And the woman riding high above with bright hair flapping free –
The woman whom I loved so, and who loyally loved me.
The pale mews plained below us, and the waves seemed far away
In a nether sky, engrossed in saying their ceaseless babbling say,
As we laughed light-heartedly aloft on that clear-sunned March day.
A little cloud then cloaked us, and there flew an irised rain,
And the Atlantic dyed its levels with a dull misfeatured stain,
And then the sun burst out again, and purples prinked the main.
– Still in all its chasmal beauty bulks old Beeny to the sky,
And shall she and I not go there once again now March is nigh,
And the sweet things said in that March say anew there by and by?
What if still in chasmal beauty looms that wild weird western shore,
The woman now is – elsewhere – whom the ambling pony bore,
And nor knows nor cares for Beeny and will laugh there nevermore.’
We are left breathless by the poignancy of the moment, reciting this poem on the clifftop looking out from the ‘wild weird western shore’. We eventually come down from our ‘high’ and start to head south over the hills towards St Juliot, stopping for a snack behind the shelter of a hawthorn hedge. Momentarily, as the wind picks up, the last lines of Hardy ‘s ‘The Voice’ (1912-13) come vividly to mind:
‘The wind oozing thin through the thorn from norward
And the woman calling.’
St Juliot’s parish is entirely rural and the only settlements are the tiny hamlets of Beeny and Tresparrett. Emma moved to St Juliot Rectory in 1868 to join her sister Helen, wife of Rev. Caddell Holder. Before we reach the church, we pass this rectory on our right, where Hardy met Emma.
It is a very pretty building, with a steeply pitched slate roof with double gable ends to front and rear, overhanging eaves and ornate shaped and pierced barge boards. It had only been built just over 20 years prior to Hardy’s first visit, no doubt he would have cast his architect’s eye over it, it is very much in the style of the late 1840s.
Today the rectory is a thriving B&B and, judging by the Trip Advisor comments you will receive a very warm welcome. Better still, if you are a Hardy-phile, you get the choice of Emma’s Room, The Rector’s Room or Mr Hardy’s Room to stay in. The garden is delightfully laid out and is occasionally open to the public in the early summer in aid of charity. There is a long herbaceous border that leads to Hardy’s Seat, a place as peaceful today as when Thomas and Emma sat there all those years ago, looking out over the Valency Valley.
One of my favourite poems is set here. Just walk through the veranda down the steps (very) early one spring morning and experience the mood of ‘At the Word Farewell’ (1912-13):
‘She looked like a bird from a cloud
On the clammy lawn,
Moving alone, bare-browed
In the dim of dawn.
The candles alight in the room
For my parting meal
Made all things withoutdoors loom
Strange, ghostly, unreal.’
And soon we arrive at St Juliot Church, dedicated to St Julitta’s, set in an isolated location above the valley. In the 1860s it was in very poor condition and in urgent need of restoration. An aspiring young architect by the name of Thomas Hardy was given the job.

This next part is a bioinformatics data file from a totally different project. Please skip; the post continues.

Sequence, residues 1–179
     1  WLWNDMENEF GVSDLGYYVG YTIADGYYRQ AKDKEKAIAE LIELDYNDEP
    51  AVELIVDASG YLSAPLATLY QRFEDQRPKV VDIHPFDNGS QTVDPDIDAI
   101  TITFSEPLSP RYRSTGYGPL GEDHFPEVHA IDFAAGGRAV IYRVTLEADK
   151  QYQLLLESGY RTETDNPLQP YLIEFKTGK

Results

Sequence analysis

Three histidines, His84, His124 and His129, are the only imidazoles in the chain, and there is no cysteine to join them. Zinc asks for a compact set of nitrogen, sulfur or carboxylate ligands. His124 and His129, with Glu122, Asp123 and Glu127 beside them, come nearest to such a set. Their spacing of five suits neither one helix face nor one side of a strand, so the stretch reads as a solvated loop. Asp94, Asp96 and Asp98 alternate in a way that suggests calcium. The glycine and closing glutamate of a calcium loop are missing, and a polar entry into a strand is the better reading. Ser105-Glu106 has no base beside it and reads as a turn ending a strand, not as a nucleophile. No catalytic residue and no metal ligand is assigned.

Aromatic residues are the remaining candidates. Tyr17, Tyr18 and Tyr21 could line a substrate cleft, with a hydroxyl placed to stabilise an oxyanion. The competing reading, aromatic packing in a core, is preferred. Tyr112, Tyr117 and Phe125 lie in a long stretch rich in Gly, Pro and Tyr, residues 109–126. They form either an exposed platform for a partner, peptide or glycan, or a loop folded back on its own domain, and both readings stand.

Hardy visited St Juliot in 1870 and stayed at the Old Rectory while surveying the church. Hardy’s plans are still on display in the church. The main alterations he made were the restoration of the tower and the re-arranging of the aisles. When he returned in Spring 1913 after Emma’s death, he installed the memorial tablet to Emma on the north wall of the church, crafted by a Boscastle stonemason.
The Hardy Society gave the church a beautifully engraved window to mark the Millennium. The window was designed by Simon Whistler and depicts three of Hardy’s poems, ‘When I set out for Lyonesse’, ‘Under the Waterfall’ and ‘Beeny Cliff’.
As we head out the south side of the churchyard, we pass a striking medieval wheel-headed cross. In addition to serving the function of reinforcing the Christian faith amongst those who passed, the crosses were also waymarkers, in this case pointing the way to Boscastle, where we are headed.
In her memoir, Some Recollections, Emma Hardy writes, ‘often we walked down the beautiful Valency Valley to Boscastle Harbour where we had to jump over stones and climb over a low wall by rough steps, to come out on great wide spaces suddenly, with a sparkling little brook into which we once lost a tiny picnic tumbler.’ We are taking this very route now.
Thomas Hardy’s poem ‘Under the Waterfall’ (1912-13) tells the story of losing this drinking glass:
‘For, down that pass,
My love and I
Walked under a sky
Of blue with a leaf-wove awning of green,
In the burn of August, to paint the scene,
And we placed our basket of fruit and wine
By the runlet’s rim, where we sat to dine;
And when we had drunk from the glass together,
Arched by the oak-copse from the weather,
I held the vessel to rinse in the fall,
Where it slipped, and sank, and was past recall,
Though we stooped and plumbed the little abyss
With long bared arms. There the glass still is.’
Hardy described the spot earlier in the poem as in ‘the purl of a little valley fall, about three spans wide and two spans tall, over a table of solid rock.’
As we descend, we keep raising our hands and stretching out our thumbs and little fingers to measure for three-span widths, and finally, we think we have it – is this the very spot?! A fall with roughly the right proportions and a slab of rock beneath. Naturally, we stop to have our picnic here, and we are tempted to stick our hands in the rapid flow to see if the glass might still be there…
The stop gives us time to pause and reflect on the perfectness of the natural world around us – a lively river, ancient oak trees, verdant pasture and abundant wildlife, especially butterflies.
Our walk concludes as we come back into Boscastle Harbour.
Stay: in the Old Rectory, St Juliot www.stjuliot.com
Read: ‘Some Recollections, Emma Hardy’, first published in 1961